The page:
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8 minutes ago, pherank said:

It's the whole "sound in morals" part, and arguably sound in mind and body, that will be hard to find universal agreement on.

I don't think there are many aesthetic qualities that get universal agreement on exactly what they mean or the degree to which they're realized in individual cases, but those qualities can still be useful to consider.

(Also, morals needn't necessarily be at issue, given the definitions above.)

Edited by nanushka
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45 minutes ago, Balletwannabe said:

 “It’s been like a great reset.” 

Covid has led to "a reset" in regards to dancers bodies🤔??  How did it do that?

We won't know until the theaters reopen.

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14 hours ago, Mashinka said:

I doubt there is a dancer anywhere in the world to compare with Lynn Seymour.  She had a body that would mean rejection today, but such artistry comes once in a generation.  The thought that there may be gifted dancers out there discarded because they don't conform to the current fad for emaciation troubles me greatly.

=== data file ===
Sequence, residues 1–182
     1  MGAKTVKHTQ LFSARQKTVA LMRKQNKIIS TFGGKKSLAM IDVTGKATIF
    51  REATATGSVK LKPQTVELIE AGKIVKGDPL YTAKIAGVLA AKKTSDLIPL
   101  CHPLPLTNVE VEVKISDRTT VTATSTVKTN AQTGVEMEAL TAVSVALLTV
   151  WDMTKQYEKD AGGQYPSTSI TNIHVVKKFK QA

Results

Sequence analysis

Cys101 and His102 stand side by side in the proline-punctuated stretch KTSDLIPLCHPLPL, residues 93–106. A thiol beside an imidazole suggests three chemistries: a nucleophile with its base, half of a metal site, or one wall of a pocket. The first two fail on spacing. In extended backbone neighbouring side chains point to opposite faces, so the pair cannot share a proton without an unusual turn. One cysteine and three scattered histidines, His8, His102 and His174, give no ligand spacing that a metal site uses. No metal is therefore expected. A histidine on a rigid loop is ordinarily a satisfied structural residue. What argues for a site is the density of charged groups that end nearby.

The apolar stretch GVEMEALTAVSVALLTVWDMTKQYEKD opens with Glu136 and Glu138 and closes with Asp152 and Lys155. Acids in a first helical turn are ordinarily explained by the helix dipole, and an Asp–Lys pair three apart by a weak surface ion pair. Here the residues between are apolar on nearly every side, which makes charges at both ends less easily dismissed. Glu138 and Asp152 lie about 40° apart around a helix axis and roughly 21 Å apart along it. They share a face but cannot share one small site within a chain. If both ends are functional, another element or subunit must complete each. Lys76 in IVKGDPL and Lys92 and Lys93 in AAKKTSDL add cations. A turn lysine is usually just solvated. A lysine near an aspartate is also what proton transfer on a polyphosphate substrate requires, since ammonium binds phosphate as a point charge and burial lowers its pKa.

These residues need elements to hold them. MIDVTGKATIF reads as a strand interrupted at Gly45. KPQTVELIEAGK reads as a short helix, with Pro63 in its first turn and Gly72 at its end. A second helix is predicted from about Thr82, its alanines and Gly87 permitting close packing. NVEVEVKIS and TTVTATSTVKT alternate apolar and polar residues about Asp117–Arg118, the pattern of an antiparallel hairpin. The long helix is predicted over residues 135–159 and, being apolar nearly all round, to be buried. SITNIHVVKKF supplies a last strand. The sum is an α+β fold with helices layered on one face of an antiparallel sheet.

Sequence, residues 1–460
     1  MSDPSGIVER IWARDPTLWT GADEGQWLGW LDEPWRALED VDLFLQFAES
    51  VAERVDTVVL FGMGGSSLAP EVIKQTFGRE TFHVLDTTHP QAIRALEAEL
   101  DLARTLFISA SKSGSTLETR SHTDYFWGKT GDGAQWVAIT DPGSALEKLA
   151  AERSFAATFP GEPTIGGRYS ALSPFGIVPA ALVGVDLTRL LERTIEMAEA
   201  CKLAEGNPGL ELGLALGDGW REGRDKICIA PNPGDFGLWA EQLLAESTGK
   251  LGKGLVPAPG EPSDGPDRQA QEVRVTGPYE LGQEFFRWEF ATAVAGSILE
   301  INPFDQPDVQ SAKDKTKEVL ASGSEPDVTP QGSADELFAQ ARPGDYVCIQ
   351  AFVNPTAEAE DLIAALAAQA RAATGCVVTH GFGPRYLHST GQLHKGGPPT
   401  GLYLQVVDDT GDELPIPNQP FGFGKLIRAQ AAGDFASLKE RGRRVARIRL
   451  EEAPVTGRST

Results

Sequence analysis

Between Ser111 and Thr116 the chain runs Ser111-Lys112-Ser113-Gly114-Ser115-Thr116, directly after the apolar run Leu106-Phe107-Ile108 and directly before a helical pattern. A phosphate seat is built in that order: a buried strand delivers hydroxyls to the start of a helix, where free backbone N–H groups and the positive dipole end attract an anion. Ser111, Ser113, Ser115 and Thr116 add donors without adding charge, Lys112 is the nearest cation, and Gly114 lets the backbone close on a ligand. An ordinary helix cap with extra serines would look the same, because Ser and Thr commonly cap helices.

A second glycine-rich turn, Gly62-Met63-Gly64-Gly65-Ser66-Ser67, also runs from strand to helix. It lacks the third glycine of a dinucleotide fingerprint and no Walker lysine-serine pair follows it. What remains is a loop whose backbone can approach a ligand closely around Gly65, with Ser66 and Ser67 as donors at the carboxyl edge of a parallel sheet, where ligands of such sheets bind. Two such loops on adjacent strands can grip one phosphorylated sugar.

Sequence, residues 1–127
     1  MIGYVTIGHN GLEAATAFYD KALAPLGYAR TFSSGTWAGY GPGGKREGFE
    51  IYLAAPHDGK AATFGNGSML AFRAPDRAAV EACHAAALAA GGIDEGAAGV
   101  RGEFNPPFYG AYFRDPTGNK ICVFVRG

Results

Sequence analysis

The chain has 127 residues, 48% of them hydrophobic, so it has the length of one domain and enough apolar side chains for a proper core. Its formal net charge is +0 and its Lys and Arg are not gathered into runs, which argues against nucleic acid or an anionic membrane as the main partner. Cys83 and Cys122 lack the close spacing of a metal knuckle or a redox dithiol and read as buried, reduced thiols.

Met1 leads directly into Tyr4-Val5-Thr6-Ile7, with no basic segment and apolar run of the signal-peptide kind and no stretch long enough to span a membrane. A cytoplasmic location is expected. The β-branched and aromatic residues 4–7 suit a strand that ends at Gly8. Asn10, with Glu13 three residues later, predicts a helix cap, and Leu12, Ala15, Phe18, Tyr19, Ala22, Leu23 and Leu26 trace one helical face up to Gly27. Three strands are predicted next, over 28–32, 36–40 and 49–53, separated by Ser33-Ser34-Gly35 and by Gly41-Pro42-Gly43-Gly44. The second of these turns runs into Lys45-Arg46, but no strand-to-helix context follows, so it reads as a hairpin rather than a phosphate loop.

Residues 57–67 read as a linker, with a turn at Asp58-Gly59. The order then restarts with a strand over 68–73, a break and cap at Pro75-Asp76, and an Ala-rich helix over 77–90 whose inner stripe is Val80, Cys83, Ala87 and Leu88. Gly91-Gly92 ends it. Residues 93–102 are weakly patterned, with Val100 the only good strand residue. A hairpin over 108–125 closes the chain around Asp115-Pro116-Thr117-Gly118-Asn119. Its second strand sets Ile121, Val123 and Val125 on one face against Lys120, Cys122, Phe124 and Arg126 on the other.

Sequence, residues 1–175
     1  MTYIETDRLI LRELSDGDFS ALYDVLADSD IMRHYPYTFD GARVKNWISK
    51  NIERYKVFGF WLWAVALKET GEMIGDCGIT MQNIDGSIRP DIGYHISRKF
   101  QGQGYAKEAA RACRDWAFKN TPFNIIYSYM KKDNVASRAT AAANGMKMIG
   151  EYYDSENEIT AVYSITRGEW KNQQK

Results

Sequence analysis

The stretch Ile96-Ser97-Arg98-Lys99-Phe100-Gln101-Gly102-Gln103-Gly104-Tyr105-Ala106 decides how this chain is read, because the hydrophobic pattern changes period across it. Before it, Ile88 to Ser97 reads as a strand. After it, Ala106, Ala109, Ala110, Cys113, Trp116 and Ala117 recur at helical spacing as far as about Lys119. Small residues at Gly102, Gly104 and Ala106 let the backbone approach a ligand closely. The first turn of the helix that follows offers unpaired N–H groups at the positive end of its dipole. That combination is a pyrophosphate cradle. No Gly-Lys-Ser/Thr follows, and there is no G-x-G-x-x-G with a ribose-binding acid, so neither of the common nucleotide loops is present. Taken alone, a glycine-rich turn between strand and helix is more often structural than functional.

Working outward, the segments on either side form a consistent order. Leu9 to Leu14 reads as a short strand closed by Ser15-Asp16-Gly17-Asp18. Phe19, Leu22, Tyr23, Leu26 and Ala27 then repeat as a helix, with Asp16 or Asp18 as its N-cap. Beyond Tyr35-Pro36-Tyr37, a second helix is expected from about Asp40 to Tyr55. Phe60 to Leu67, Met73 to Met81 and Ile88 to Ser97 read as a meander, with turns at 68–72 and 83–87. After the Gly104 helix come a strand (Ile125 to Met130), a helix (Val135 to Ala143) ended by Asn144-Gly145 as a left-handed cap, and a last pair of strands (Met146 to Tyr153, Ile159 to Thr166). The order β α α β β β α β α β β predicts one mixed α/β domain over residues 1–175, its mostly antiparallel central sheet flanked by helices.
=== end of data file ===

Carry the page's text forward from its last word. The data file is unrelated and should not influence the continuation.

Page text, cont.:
More than one great ballerina has said she would be rejected by ballet schools today. Their absence from ballet history would have been an incalculable loss. No doubt ballet is passing over irreplaceable talents today.

As for waists, most female dancers today have very narrow hips. They have rectangular torsos on which waists are barely visible, as alluded to in this self-deprecating post.
https://www.instagram.com/p/BtVpQfojiXy/ 

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3 hours ago, Balletwannabe said:

 “It’s been like a great reset.” 

Covid has led to "a reset" in regards to dancers bodies🤔??  How did it do that?

It's been a great year for pizzerias, I understand.

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I can't think of a dancer today with a physique similar to Moira Shearer's.  I'm intrigued that this photo is by Gordon Parks,  the legendary Black American photographer not known for photos of dancers.  I suspect that the taste for high retirés and near 180 degree a la secondes has caused today's dancers to have thicker, more  muscular waistlines than ballerinas of the past.

moira-shearer-performing-ballet-dance-ne